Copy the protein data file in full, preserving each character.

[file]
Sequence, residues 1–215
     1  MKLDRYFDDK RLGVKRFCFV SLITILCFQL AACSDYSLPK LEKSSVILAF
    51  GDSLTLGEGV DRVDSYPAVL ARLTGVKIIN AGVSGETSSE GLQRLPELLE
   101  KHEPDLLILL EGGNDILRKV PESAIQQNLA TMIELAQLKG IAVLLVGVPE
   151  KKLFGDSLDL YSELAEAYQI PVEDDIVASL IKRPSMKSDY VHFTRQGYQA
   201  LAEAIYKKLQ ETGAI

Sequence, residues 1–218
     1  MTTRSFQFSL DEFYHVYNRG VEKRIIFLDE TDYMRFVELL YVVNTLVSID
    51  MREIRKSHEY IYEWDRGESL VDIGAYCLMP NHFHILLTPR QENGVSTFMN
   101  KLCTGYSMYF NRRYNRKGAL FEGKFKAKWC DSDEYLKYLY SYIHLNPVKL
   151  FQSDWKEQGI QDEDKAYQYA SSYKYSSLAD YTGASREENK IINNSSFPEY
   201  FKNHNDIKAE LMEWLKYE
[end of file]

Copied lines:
Sequence, residues 1–215
     1  MKLDRYFDDK RLGVKRFCFV SLITILCFQL AACSDYSLPK LEKSSVILAF
    51  GDSLTLGEGV DRVDSYPAVL ARLTGVKIIN AGVSGETSSE GLQRLPELLE
   101  KHEPDLLILL EGGNDILRKV PESAIQQNLA TMIELAQLKG IAVLLVGVPE
   151  KKLFGDSLDL YSELAEAYQI PVEDDIVASL IKRPSMKSDY VHFTRQGYQA
   201  LAEAIYKKLQ ETGAI

Sequence, residues 1–218
     1  MTTRSFQFSL DEFYHVYNRG VEKRIIFLDE TDYMRFVELL YVVNTLVSID
    51  MREIRKSHEY IYEWDRGESL VDIGAYCLMP NHFHILLTPR QENGVSTFMN
   101  KLCTGYSMYF NRRYNRKGAL FEGKFKAKWC DSDEYLKYLY SYIHLNPVKL
   151  FQSDWKEQGI QDEDKAYQYA SSYKYSSLAD YTGASREENK IINNSSFPEY
   201  FKNHNDIKAE LMEWLKYE